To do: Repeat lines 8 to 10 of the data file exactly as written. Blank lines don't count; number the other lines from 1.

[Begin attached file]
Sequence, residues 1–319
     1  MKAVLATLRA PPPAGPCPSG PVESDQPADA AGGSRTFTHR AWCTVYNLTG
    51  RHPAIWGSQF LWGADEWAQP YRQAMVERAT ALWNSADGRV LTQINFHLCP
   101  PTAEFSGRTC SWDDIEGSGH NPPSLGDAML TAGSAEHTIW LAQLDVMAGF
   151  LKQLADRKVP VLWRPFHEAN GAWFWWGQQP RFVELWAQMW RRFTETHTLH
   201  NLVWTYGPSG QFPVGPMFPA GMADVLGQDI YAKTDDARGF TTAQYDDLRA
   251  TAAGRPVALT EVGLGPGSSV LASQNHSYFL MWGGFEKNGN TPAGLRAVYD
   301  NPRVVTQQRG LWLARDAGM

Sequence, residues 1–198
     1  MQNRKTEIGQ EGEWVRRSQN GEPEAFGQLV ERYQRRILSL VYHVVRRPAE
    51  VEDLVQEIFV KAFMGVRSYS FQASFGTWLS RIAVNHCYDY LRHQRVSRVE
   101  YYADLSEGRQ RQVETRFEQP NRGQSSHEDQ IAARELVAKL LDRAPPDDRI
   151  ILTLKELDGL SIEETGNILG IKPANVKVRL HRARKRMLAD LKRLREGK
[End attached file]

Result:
   301  NPRVVTQQRG LWLARDAGM

Sequence, residues 1–198
     1  MQNRKTEIGQ EGEWVRRSQN GEPEAFGQLV ERYQRRILSL VYHVVRRPAE